DeFi Lender Goldfinch Hits $100M in Loans as Crypto-to-Real World Model Picks Up Steam
A16z-backed Startup Targets Lending in Developing Economies
By: Owen FernauDive
Crypto is a circular system where whales borrow money against their assets to pump up ponzi schemes and dump those tokens on retail traders betting those coins are the future of finance.
That’s one way to think about crypto.
Another? Crypto provides loans to people doing business in non-crypto sectors of the economy. Blake West is pushing this angle.
West is the co-founder of Goldfinch, a platform that “brings crypto loans to the real world.” On April 26, Goldfinch’s loanbook hit $100M. Last February, the protocol had $1M in loans. The milestone shows there’s a dire need for unsecured capital, especially in the developing word, West says.
“Goldfinch is offering these real loans that are tied to real world activity [and] still has really good yields,” West told The Defiant.
He noted that yields on protocol Compound Finance are around 2% while Goldfinch’s senior tranche is more than 8%. The protocol offers the senior tranche to passive investors and a higher yielding junior tranche to “backers” who actually propose and negotiate with borrowers on a per-investment basis.
Unsecured lending, especially to smaller borrowers, is a high-risk business. It isn’t just defaults that platforms have to worry about. Regulators, too, can swoop in with new rules to safeguard borrowers, which can raise the cost of capital and daily business operations. Throw in the volatility of crypto and it would appear risks can be even greater.
West says Goldfinch’s loans are not tied to demand within crypto, so the rates deviate from those stemming from demand to yield farm, for example. Instead the protocol makes loans to companies like Greenway which distributes highly efficient and safe cookstoves in India. The platform is making loans in 18 nations, including Brazil and Kenya.
The model has attracted heavy hitters: In January, Andreessen Horowitz led a $25M investment round in the startup; hedge fund manager Bill Ackman also took part. A16z General Partner Arianna Simpson said Goldfinch was positioned to bring DeFi lending to borrowers in emerging economies who lack collateral to obtain conventional loans.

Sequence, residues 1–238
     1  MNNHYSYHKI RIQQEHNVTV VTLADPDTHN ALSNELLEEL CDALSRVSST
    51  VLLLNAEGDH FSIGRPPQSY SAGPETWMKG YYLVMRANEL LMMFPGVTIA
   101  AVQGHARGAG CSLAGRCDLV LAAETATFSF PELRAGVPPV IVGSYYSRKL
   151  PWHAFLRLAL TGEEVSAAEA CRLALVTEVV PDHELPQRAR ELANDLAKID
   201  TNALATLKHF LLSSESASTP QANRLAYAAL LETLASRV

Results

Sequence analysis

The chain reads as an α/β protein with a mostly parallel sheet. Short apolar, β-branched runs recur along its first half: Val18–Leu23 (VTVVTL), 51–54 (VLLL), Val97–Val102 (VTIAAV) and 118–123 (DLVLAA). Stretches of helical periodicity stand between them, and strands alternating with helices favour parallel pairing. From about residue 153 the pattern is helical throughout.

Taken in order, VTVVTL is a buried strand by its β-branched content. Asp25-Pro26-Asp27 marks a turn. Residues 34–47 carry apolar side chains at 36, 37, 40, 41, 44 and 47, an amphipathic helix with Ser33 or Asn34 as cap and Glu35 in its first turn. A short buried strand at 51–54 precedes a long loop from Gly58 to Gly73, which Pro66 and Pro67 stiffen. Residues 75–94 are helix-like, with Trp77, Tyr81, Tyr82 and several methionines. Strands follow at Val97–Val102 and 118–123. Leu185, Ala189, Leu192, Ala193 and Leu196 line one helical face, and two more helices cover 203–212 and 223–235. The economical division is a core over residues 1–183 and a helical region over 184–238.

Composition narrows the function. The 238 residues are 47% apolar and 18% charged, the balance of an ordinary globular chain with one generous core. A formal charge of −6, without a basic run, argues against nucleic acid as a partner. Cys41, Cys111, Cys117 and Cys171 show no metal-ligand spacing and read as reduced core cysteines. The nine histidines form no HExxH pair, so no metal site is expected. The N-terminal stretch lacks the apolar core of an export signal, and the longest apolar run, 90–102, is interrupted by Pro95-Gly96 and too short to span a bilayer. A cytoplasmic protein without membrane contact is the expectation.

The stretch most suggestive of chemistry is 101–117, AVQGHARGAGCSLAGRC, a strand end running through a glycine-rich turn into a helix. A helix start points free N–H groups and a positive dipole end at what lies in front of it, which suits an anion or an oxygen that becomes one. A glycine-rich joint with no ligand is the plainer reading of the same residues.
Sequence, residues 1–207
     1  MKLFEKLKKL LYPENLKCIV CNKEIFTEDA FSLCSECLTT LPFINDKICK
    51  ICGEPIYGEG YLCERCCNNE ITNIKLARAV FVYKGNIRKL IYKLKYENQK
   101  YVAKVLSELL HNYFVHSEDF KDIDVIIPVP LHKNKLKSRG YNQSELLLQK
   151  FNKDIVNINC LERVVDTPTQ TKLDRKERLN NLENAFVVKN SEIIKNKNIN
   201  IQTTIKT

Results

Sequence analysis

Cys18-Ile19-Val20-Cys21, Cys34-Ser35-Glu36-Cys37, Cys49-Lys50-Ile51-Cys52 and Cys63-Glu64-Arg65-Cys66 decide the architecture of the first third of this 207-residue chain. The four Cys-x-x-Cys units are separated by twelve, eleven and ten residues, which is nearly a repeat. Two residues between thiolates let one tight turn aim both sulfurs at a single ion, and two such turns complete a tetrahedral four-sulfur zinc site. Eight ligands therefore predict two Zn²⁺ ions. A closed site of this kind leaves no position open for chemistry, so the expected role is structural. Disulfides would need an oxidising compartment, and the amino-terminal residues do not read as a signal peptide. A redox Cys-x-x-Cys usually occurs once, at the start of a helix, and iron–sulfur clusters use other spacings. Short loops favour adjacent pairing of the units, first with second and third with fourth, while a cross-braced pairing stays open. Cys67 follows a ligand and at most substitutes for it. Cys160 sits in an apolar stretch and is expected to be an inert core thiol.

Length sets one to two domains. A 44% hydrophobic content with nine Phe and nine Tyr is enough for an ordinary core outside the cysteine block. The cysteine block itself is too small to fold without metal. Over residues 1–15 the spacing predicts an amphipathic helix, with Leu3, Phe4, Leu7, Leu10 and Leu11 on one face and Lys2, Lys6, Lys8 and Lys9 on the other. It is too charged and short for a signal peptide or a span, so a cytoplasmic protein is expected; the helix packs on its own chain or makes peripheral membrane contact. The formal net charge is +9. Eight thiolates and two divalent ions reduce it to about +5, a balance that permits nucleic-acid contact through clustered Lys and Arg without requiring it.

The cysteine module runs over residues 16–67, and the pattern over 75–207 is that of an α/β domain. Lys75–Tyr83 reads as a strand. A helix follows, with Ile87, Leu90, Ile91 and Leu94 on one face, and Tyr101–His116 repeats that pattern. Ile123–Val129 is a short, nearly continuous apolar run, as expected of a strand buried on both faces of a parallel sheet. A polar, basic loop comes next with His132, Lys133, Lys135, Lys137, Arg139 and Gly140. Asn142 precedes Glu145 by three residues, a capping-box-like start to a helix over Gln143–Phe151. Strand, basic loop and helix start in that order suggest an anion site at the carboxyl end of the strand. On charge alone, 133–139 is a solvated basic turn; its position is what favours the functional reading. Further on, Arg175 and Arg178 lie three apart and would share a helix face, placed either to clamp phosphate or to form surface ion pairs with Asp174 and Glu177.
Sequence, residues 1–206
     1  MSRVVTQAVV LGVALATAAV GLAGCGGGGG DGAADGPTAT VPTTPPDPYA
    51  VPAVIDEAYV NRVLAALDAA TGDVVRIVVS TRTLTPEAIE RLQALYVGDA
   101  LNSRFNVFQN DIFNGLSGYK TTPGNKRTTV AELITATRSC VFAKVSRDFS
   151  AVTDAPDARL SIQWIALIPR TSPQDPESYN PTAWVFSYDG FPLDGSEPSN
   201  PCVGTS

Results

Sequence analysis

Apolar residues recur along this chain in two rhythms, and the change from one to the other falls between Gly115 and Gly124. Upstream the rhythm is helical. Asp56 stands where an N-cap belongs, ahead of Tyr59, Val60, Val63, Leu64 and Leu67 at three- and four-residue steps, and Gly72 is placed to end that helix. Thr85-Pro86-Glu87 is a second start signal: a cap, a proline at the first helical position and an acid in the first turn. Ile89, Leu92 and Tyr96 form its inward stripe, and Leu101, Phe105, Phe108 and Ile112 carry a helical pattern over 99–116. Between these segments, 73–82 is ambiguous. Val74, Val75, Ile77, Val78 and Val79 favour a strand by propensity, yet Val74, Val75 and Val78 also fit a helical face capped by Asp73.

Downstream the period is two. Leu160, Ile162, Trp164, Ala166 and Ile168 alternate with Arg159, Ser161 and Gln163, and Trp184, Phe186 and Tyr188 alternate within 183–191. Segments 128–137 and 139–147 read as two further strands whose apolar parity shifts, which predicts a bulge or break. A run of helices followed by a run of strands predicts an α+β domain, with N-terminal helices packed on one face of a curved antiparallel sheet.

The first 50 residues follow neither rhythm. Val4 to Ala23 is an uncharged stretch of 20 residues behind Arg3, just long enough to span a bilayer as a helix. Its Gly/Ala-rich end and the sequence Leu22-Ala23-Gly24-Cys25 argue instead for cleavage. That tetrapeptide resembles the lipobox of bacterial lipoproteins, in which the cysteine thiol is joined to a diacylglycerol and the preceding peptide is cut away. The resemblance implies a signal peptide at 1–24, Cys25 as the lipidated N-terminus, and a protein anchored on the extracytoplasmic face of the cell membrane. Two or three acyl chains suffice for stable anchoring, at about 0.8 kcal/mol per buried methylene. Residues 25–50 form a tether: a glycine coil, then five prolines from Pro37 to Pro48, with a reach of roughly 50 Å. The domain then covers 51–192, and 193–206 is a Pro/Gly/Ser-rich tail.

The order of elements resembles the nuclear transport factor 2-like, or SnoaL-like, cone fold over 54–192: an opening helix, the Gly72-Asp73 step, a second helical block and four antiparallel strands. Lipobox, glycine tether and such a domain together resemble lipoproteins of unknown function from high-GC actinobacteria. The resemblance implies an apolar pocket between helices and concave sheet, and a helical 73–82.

“Goldfinch is a decentralized credit platform that broadens the pool of potential lenders beyond just banks,” Simpson posted.
To that end, Goldfinch counts fintech companies among its borrowers, which facilitate loans in their respective fiat currencies. West says the next step for these fintech companies is to lend directly to their customers’ wallets.
Goldfinch has rivals. West said projects like Centrifuge, Maple Finance, and TrueFi are making moves in the unsecured loan space. He contends “unsecured,” meaning the loan isn’t collateralized, is a misnomer because the debt is backed by off-chain assets.
For example, when a smartphone finance company borrows money from Goldfinch it gives people smartphones on payment plans. If people default, the phone company shuts off their service. Customers probably don’t want to owe money on a useless phone so they’ll be motivated to service the loan to the company, which in turn pays back Goldfinch.
“Basically all the loans we do are secured and in fact are collateralized,” West said.
In light of such dynamics, West prefers to call Goldfinch a “credit protocol,” instead of an “unsecured lending protocol.”
Still, for all the loan volume growth, Goldfinch’s native token is cratering. GFI has lost almost half its value since it went live on Jan. 11, according to CoinGecko. Of course, the DeFi market has been swooning, with the market cap for the top 100 names in the sector down down 16% in that period.
While lending is fraught with regulatory and payment risks, Goldfinch’s $100M milestone suggests credit protocols with real world utility are emerging as a new growth area in crypto.
“Margin trading and stuff just only goes so far, but once you start tapping into real economic activity, that’s when DeFi can go into trillions of dollars instead of tens of billions,” said West. “I don’t think people in the crypto markets quite understand that this is where the growth in DeFi is gonna come from.”
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